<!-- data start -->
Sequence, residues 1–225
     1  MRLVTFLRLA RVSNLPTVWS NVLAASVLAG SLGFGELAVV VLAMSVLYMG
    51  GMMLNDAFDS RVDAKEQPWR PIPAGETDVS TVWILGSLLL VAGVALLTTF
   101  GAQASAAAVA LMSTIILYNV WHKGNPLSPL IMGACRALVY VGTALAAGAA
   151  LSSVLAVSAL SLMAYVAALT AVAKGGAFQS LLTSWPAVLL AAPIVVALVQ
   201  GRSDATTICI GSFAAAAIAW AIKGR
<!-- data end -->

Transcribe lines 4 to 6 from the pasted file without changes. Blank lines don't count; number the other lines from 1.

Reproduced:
   101  GAQASAAAVA LMSTIILYNV WHKGNPLSPL IMGACRALVY VGTALAAGAA
   151  LSSVLAVSAL SLMAYVAALT AVAKGGAFQS LLTSWPAVLL AAPIVVALVQ
   201  GRSDATTICI GSFAAAAIAW AIKGR